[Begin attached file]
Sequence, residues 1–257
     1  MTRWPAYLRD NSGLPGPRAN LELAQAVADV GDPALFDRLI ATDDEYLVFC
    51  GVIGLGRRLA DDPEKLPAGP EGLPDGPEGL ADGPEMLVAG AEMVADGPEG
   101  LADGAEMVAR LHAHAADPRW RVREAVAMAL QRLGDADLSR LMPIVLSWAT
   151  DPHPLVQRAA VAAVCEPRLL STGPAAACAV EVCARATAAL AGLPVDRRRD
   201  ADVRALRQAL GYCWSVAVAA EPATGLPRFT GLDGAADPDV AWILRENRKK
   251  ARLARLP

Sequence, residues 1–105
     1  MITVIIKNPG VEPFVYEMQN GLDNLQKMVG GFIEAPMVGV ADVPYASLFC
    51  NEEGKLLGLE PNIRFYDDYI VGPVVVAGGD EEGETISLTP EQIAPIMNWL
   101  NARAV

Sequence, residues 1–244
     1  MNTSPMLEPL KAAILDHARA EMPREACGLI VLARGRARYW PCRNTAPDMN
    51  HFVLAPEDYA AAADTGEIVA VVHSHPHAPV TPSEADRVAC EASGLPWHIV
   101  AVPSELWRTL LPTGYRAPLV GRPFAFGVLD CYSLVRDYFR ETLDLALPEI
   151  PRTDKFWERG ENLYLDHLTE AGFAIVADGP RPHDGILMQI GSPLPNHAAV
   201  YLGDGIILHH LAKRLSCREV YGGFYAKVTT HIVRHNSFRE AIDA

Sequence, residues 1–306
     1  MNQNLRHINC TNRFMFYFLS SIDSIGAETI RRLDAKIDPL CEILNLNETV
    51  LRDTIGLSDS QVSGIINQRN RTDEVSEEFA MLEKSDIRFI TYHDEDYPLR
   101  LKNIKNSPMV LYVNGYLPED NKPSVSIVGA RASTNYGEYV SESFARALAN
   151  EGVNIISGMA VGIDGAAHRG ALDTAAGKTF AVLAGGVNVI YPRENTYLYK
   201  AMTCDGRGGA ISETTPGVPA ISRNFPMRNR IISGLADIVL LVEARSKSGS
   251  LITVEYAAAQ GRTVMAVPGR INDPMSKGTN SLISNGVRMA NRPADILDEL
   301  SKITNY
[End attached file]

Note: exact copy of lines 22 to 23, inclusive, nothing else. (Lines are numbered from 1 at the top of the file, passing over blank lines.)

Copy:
   151  EGVNIISGMA VGIDGAAHRG ALDTAAGKTF AVLAGGVNVI YPRENTYLYK
   201  AMTCDGRGGA ISETTPGVPA ISRNFPMRNR IISGLADIVL LVEARSKSGS